US 1496212 A
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1 June 3. 1924. a 1,496,212
S. FRENCH CIRCULAR SAW GUARD File d Feb. 6, 1923 I.- firiilllllllllllll INVENTOR. Has Ranch.
Patented June 3, 1924.,
men STATES PATENT oFFicE.
SILAS FRENCH, OF ROCHESTER, NEW YORK, ASSIGNOR OF FIFTEEN PER GENT 'IO JAMES E. SULLIVAN, OF ROCHESTER, NEW YORK.
Application filed February 6, 1923. Serial No. 617,358.
To all whom it may concern:
Be it known that I, SILAS FRnNon, a citizen of the United States, residing at .Rochester, in the county of Monroe and State of New York, have invented certain new and useful Improvements in Circular- Saw Guards, of which the following is a specification. Y
The object of this invention is to provide a new and efficient form of guards for circular saws.
These and other objects of this inven tion will be fully illustracted in the drawing, described in the specification and pointed out in the claims at the end thereof.
I11 the accompanying drawing:
Figure 1 is a side elevation of the saw guard as it appears when mounted on a saw table.
Figure 2 is a similar view of the guard with the guard placed in its inoperative position.
Figure 3 is a top plan view of the guard.
Figure 4: is a front elevation of the guard.
Figure 5 is a vertical sectional view of the guard, the section being taken on the line 5"'5 of Figure 1.
In the several figures of the drawing like reference numerals indicate like parts.
Saw guards for circular saws in order to be effective and eflicient must operate automatically to keep the hand of the operator away from the revolving saw. In addition to this such a guard should also prevent any other accidents that happen when the stock that is being sawed jams against the sawand the guide is thrown back toward the operator.
In the guard forming the subject'matter of my present invention this is accomplished by making the guard in the form of an elongated open frame or cage that is mounted to freely swing on an arm supported by the upright guide member and spreader plate provided on the saw table behind the saw.
This upright guide member 1 or spreader plate is made up of fiat metal stock and is mounted on the saw table behind the circular saw 2. The forward edge of the guide member or spreader plate 1 is wedge shaped and is adapted to enter the cut made by the saw in the stock so as to keep the two parts of the stock out by the saw The sleeve 5 1s made to snuglyfit over the spreader plate and when clamped thereto forms a rigid support for the guard arm 6. This arm comprisesa channel of which a portion of the bottom is cut away at the rear and the sides brought together to embrace the sides of the sleeve 5. These sides of the. channel are then fastened to the sleeve as above pointed out.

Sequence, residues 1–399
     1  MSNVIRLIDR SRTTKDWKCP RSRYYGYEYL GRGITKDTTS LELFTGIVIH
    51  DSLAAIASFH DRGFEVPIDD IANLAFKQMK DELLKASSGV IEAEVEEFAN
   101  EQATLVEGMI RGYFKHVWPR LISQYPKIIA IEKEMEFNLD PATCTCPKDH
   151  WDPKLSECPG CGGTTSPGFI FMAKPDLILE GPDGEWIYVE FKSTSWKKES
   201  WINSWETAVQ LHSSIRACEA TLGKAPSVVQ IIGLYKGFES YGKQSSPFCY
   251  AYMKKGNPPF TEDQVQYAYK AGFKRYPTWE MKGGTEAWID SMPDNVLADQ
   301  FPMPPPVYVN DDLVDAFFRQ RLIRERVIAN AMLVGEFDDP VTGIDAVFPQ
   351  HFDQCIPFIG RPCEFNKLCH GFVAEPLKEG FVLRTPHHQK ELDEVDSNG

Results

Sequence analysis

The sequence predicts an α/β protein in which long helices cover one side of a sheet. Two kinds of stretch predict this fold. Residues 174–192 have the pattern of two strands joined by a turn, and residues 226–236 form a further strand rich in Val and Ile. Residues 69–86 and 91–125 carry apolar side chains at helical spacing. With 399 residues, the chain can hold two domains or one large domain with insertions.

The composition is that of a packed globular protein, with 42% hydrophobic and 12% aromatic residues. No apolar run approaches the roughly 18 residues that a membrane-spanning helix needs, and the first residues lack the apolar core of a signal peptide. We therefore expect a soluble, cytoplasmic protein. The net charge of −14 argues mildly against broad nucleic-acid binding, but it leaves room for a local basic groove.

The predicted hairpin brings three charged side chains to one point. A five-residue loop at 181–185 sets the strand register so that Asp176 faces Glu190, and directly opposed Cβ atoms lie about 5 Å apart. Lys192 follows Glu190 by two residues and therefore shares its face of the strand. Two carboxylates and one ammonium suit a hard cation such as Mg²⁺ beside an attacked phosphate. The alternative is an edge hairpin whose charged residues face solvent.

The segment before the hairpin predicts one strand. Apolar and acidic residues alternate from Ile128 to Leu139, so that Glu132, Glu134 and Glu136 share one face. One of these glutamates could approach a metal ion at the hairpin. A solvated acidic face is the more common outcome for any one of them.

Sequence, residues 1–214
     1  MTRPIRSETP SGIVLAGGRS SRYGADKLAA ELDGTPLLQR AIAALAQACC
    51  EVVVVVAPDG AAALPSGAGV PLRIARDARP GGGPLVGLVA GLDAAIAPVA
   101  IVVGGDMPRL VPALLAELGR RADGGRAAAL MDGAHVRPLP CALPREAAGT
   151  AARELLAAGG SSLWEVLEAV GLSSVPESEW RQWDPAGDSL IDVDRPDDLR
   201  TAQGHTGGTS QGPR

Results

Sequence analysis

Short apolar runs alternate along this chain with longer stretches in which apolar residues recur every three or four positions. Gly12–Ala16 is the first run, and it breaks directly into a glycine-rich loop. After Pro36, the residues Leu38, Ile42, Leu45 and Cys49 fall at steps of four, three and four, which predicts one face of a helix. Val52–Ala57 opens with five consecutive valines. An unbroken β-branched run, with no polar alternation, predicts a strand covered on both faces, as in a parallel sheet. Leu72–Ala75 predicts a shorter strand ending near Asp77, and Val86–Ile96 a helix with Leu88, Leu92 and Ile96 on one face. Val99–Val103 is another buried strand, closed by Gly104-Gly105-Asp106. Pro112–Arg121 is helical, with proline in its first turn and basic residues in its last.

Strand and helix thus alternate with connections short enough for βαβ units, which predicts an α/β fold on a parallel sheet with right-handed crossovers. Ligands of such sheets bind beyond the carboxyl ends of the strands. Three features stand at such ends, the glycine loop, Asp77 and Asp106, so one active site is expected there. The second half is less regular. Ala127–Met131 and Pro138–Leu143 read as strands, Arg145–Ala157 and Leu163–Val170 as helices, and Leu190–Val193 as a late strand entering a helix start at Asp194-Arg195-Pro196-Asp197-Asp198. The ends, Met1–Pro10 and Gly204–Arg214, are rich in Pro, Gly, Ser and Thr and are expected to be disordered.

The guard proper is mounted to swing from the arm formed by this channel. This guard comprises the swinging arms 7 7 and 8, 8 which are arranged in pairs and are. mounted on either side of the channel at the front and near the rear thereof. At their lower end the arms have the guard rails 9 and 10 pivoted thereto toform an open cage within which the circular saw 2 is mounted to rotate. The forward end of each of these guard rails projects beyond the arm 6 and curves upwardly and inwardly until they meet. of the rails are then fastened together to close the front of the cage formed by the side rails to prevent the operators finger from entering the cage duringany sawing operations. The rear ends of the side rails slight-1y project beyond the swinging arms 8 and are also bent inwardly but donot close together so that ample space is left for the circular saw to project between them.
As illustrated in the figures, each of the side rails has its intermediate section built up with suitable openings provided in the upwardly extending section in order to protect a large portion of the sides of the saw without preventing the operator from watching the saw at any time during the sawing of lumber.
Fastened centrally on the inner side of each of the guide rails 9 and 10 are the guide blocks 11' and 1-2. These guide blocks are preferably made'of wood and project toward each side of the saw with sufiicient space between them for the saw to rotate between them. These guide blocks are provided for the purpose of holding the saw The extreme ends centrally of the cage formed by the guide rails 9 and 10 should the saw work loose from its shaft and start to shift to one or the other of the side rails. In this way the saw cannot possibly come. in contact with the side rails at any time and wreck itself thereon In mounting the guide rails 9 and 10 to the arms 7 and 8 as above pointed out the guide rails swing on the arm in a parallel plane. Thus when the cage formed by the rails 9 and 10 is pushed to the rear the rails swing up toward the arm 6 maintaining their original parallel position to the arm at all times. In this way the guide rails 9 and 10 are adapted to rest and slide over the top of the lumber while it is being fed past the circular saw 2. This not only prevents the operator from getting his hand or fingers into contact with the sawbut also holds the strip orstrips of wood cut by the saw from raising up from the saw table or jamming into the opening in the table between the saw and the table. It further guides any small strips by holding them down on the table so that they cannot drop into the opening of the table where they would clog the exhaust pipe for carrying off the saw dust.